BASQUE AND CAUCASIAN: A SURVEY OF THE METHODS USED IN ESTABLISHING ANCIENT GENETIC AFFILIATIONS
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PublisherThe University of Arizona.
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AbstractThe author compiled linguistic evidence related to the hypothesis that Basque and the Caucasian languages are phylogenetically related. Before presentation of this evidence, a discussion of the major methods employed in establishing ancient genetic relationships is included. The comparative method, the lexicostatistical method, and the typological method are studied in some detail. After the treatment of the techniques most frequently employed by linguists in comparative studies, the facts pertaining to the hypothesis that Basque and Caucasian are genetically related are presented. The work of those linguists interested in this topic is reviewed and discussed under the methodological headings introduced earlier. For example, the contributions of Lafon and Bouda are listed under the comparative method; the work of Tovar is considered under the lexicostatistical method; and the research of de Rijk and Tovar is included under the typological method. The evidence gathered from the application of these methods is inconclusive. The work done within the framework of the comparative method has gone as far as postulating some sound correspondences between Basque and Caucasian which have not yet been properly accounted for. The lexicostatistical studies do not show a high percentage of cognates, but this is to be expected due to the time depth of the alleged genetic relationship. The typological research does not conflict with the hypothesis of genetic affiliation, but again, is insufficient proof of the proposed phylogeny. The term "Caucasian languages," as used in this study, is defined, and is accompanied by a listing of these languages and a map showing where they are spoken. There is also a brief linguistic description of these languages. Aspects of the Basque language are described, and a map plus a listing of the dialects is included. Attempts at establishing affiliations between Basque and languages or language families other than Caucasian are mentioned. One chapter is devoted exclusively to non-linguistic factors, examining at length the very unusual blood-type distribution of the Basques. This is then compared with the distributions found among the Caucasian peoples. In the conclusion the author attempts to weigh the case for a Basque-Caucasian relationship in view of the data presented throughout the study. It appears that the evidence is suggestive of a Basque-Caucasian genetic affiliation, but there is a need for firmer proof to be presented before the hypothesis can be referred to as a fact.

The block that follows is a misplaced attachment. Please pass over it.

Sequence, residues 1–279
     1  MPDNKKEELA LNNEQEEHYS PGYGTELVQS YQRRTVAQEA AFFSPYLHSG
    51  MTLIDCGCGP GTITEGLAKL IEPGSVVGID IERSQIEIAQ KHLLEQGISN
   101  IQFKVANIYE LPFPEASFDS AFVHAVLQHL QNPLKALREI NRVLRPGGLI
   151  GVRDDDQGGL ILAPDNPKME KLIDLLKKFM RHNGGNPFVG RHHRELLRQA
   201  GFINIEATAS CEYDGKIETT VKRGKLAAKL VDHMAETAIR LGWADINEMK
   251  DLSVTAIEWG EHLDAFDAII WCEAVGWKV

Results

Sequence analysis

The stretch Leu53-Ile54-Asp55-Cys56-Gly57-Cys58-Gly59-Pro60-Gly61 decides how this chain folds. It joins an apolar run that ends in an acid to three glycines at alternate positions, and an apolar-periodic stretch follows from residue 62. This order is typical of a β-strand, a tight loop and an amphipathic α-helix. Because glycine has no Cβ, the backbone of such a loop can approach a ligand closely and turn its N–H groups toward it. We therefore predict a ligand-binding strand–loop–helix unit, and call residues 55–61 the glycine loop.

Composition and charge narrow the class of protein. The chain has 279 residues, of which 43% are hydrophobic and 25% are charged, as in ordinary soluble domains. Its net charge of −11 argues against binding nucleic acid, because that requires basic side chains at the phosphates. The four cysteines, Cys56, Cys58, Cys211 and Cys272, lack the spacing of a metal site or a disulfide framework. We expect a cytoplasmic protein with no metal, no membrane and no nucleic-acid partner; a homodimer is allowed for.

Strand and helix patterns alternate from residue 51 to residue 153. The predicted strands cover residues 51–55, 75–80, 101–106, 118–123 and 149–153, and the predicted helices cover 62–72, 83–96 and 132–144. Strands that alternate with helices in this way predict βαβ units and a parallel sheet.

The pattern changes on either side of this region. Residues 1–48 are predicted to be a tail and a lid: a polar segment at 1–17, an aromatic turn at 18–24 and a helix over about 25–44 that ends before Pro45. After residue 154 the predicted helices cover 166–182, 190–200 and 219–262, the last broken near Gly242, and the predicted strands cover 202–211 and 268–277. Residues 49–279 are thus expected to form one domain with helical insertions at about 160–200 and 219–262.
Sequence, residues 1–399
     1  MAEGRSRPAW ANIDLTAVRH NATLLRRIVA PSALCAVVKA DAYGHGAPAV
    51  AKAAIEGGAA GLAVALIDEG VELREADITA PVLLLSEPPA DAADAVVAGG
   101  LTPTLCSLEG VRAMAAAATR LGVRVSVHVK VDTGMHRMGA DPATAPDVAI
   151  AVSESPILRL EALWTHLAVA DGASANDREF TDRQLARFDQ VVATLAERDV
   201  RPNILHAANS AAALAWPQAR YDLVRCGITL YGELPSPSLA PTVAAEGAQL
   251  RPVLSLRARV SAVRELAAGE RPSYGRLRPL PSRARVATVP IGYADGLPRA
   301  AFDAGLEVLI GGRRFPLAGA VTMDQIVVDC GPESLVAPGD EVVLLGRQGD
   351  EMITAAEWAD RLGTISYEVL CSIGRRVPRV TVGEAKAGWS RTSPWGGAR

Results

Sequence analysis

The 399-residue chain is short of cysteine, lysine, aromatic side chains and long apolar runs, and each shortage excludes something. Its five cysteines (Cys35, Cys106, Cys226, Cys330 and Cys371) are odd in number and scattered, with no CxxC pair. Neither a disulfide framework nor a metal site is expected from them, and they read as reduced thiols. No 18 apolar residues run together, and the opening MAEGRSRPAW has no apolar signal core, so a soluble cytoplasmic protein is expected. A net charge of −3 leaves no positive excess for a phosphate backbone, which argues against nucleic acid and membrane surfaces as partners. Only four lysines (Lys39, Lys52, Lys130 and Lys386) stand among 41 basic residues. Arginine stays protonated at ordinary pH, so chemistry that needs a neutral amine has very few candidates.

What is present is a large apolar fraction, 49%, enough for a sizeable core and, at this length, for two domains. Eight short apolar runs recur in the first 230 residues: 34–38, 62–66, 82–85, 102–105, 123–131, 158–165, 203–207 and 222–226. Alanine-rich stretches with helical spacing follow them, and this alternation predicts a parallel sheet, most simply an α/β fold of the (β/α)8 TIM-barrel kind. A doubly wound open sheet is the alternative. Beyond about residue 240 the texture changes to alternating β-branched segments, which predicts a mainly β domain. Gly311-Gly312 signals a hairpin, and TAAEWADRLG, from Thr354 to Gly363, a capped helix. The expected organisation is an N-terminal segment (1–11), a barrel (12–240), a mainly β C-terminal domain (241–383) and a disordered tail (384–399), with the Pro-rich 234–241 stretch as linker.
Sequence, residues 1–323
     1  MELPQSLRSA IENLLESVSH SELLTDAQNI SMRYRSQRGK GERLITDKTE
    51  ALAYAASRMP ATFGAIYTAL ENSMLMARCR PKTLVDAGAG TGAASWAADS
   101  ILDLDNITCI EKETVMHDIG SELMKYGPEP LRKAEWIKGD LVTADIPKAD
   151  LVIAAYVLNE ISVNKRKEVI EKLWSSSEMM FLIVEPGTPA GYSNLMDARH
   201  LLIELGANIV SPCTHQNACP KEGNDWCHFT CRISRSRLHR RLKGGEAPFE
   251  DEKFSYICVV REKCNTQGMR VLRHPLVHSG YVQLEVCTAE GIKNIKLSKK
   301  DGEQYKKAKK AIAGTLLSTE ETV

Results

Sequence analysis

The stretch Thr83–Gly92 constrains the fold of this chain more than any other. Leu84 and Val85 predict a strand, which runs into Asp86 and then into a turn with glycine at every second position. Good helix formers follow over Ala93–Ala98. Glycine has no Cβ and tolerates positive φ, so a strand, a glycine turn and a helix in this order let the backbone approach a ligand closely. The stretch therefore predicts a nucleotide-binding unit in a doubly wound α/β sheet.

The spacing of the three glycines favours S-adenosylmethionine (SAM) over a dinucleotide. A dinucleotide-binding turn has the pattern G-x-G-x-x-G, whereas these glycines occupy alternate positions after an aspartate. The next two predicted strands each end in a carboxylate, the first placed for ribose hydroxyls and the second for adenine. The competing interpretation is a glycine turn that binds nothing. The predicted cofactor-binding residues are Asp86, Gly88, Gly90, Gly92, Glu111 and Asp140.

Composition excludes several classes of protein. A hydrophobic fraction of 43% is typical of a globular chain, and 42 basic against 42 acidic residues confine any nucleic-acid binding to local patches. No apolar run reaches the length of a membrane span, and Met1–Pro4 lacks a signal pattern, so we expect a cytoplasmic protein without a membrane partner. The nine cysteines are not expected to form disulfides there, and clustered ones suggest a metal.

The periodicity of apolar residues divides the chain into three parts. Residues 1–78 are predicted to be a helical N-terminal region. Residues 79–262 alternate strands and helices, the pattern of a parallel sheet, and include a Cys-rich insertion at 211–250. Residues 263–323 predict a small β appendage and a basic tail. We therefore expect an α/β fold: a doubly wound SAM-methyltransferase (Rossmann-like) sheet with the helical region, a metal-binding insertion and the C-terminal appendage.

Degree ProgramGraduate College